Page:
The Life of JOHN STOW. xv

The Life of JOHN STOW.
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The Monument of M   The Monument of Mr. JOHN STOW ]

into divers Hands, out of the Monasteries and Religious Houses, where they had been, for the most part, diligently kept and preserved; and mostly written by the Monks that dwelt, and enjoyed their studious Retirements there.

He was also a diligent Transcriber of such ancient and useful Books, and which he could not obtain or Purchase, being of Esteem with him, or serving to his Purpose. Thus he transcribed Leland's Six Books of Collections, which turned very seasonably to his Profit, as was told before. Another Transcript of his was a Speech of Queen Elizabeth to her Parliament, 27. Eliz. Anno 1584. Which, with Stow's other Papers, coming afterwards into the Hands of Sir Simmons D' Ews, Bart. he presented to the World, in his Journal of Parliaments: Where he tells us, that it was written with Stow's own Hand; the Speech not being found in the Original Journal Book of the Upper House; and therefore he supplied it out of a Copy which he had by him, written by John Stow, the Chronicler, with his own Hand, being verbatim, as followed, &c.

Stow, a great Transcriber.

Journal of Parliaments, p. 328. b.

And as he had a good Library replenished with such Books, so he was a very good Judge of them; and was able to discourse critically concerning them. His Abilities this way may appear in Descriptions of ancient Writers, and Writings; being a little Tract (taken Notice of before) prefixed to his Summary of Chronicles, printed Anno 1573, which begins with Asserus Menevensis; of whom he giveth this Description: "A Man of great Holiness and Learning; who was sent for from Menevia, or St. Davids in Wales, by King Alfrede, and by him made Bishop of Sherbourne [the See] now called Salisbury. It is said, that King Alfrede erected the School or University of Oxeford: But this Asserus, writing purposely, diligently and honourably of all King Alfrede's Noble Acts, maketh no Mention of. Divers there be, and those ancient Writers, which attribute all to the English Church at Rome; which the late, without Consideration, do speak of Oxford. Asserus flourished in the Year after Christ's Birth, 890." Again,

A good Critick in ancient History.

"Alfredus Beverlacensis, Treasurer of the College of Beverly, a deep Philosopher, a diligent Historiographer, and notable Divine, brought up in the most ancient and famous University of Cambridg: He writ the Accidents of Time from the Beginning of the Britons, to the Year of Christ 1136, in the which he lived." Again,

"Adam Merimouth, a Prebendary of St. Paul's in London. He seeing the Want of Chronicles, and feeling the Necessity of them, laboured earnestly to commit things to Memory; and writ from the Year after Christ's Birth, 1320, unto the Year 1380, in the which he flourished." Further,

"Additiones Polychronicon were added by Thomas Walsingham, born in Norfolk; and after, a Monk at St. Albans. The Book called Polychronicon, was writ by Ranulphus Higden, a Monk of Chester. Thomas Walsingham's chief Delight was in the Collection of English Histories; wherein he hath left, to the prepetual registring of his Name, divers other Monuments of reverend Antiquity. He lived 1443." Again,

"Galfridus Monumetensis. His Chronicle of the Britons, is of some scornfully rejected; wherein they shew their great Unthankfulness, not to embrace him, who painfully, for their Behoof, playeth only the Part of an Interpreter: Little Wisdom, to condemn that which they cannot amend; or, if they can, not to consider the Time wherein he lived. The true History may, of a skilful Reader, be well discerned from the false: And many things in him that seem strange, are confirmed by the best Writers of all Ages. He lived 1158."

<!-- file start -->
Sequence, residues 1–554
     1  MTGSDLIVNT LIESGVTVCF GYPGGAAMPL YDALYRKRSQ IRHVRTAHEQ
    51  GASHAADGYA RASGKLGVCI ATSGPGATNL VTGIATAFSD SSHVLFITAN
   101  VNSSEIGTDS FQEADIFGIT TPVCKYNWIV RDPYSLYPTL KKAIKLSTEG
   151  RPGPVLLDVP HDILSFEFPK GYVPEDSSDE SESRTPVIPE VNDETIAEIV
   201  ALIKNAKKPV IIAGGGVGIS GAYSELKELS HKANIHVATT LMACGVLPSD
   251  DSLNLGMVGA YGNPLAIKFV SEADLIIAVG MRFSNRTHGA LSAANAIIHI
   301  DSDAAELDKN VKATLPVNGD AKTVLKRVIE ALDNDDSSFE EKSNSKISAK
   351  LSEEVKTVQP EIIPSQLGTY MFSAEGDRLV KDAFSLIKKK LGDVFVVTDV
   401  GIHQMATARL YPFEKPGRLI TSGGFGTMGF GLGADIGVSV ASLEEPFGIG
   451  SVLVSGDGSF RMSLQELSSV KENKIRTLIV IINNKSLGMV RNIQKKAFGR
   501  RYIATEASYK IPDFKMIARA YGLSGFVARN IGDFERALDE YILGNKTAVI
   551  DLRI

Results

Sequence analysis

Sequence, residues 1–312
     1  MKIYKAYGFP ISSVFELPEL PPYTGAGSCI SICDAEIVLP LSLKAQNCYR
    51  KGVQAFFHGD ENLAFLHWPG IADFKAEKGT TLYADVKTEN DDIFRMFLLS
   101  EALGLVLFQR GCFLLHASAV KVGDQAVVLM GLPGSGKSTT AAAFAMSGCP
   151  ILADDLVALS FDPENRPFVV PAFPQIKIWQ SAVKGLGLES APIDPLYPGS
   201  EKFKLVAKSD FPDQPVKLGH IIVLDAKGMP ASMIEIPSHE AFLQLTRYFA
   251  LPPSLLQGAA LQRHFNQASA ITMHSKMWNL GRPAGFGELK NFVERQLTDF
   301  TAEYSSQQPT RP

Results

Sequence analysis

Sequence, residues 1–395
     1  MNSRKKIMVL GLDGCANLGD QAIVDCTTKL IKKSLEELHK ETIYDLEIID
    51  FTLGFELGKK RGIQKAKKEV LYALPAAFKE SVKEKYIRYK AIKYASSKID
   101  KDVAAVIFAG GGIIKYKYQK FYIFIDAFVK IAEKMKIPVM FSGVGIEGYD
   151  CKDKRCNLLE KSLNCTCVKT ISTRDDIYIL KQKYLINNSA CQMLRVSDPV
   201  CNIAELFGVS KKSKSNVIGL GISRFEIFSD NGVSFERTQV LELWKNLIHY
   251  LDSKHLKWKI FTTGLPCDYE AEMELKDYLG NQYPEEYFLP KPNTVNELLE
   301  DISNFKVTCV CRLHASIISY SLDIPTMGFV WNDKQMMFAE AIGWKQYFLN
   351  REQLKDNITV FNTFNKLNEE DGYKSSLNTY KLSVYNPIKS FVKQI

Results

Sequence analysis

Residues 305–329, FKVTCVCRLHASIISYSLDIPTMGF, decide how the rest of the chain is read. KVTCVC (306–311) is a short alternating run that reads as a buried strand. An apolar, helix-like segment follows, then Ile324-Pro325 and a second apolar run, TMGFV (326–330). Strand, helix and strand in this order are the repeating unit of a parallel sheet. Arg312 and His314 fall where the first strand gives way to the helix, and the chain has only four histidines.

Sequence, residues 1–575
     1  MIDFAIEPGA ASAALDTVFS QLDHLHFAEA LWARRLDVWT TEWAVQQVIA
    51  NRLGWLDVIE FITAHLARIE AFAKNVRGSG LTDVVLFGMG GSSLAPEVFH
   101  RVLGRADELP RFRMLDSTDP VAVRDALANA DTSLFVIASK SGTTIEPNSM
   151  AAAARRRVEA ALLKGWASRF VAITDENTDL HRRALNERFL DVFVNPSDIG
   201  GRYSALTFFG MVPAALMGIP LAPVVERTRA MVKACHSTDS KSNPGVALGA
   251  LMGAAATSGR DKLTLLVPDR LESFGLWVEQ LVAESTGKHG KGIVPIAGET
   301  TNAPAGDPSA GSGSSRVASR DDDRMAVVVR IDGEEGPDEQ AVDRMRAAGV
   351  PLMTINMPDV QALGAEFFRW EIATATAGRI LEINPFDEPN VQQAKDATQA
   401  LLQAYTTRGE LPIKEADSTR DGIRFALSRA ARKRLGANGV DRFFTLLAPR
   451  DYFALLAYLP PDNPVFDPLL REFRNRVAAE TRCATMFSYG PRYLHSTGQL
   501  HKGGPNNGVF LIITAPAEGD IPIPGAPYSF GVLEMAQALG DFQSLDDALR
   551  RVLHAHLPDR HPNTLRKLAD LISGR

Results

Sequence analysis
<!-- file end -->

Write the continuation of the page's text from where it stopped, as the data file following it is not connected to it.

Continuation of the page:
Again, he thus describeth Gulielmus Novoburgensis, "otherwise Guliel Petit, or Parvus; who, for his true dealing in Histories, is much commended of PolydoreVirgil: But it was an Italian Flourish, to put Galfridus Monumetensis out of Conceit; because he reporteth (which the Italian cannot abide) friendly and liberally of the Britons. His Chronicle is lately printed at Antwerp, both unhonestly and unperfectly, by the King's Printer, Will. Silvius: For, leaving out Doctor Turner's Preface, late Dean of Wells, he inserted his own; and left out also several Chapters which were in the Copy that Dr. Turner sent unto him. But it is well seen, that Novoburgensis was a good Divine, and diligent Historiographer, his untimely Preface being excepted. He lived 1200."

This is a Specimen large enough of Stow's Acquaintance with our ancient Authors; and of his critical Skill and Judgment of them.

He delighted in those that were inquisitive with him in antient History, and were truly learned therein. Their Conversation he used, and with them he loved to consort, or if he were not personally acquainted with them, he reverenced them, and was well acquainted with their Labours. But as for such as pretended to this sort of Learning, and presumed to set forth Histories in their own Names, when they were none of their own, but unskilfully borrowed from others, and withal betraying much Ignorance therein, he was a great Enemy to them.

A Consort with Antiquarians.

This made him not spare R.G. [that is, Richard Grafton,] but lash him, whensoever he came in his Way: being offended with him both for stealing from him and from others; and by abusing other Writers and falsifying them. He gave his Book the specious Title of A Chronicle at large of the Affairs of England, and the Kings of the same deduced from the Creation of the World, &c. Where first Stow noteth him for a great Mis-asserter of Authors, both in Latin, as Flores Historiarum, Polydore Virgil, and

R. G. an unskilful Pretender to History.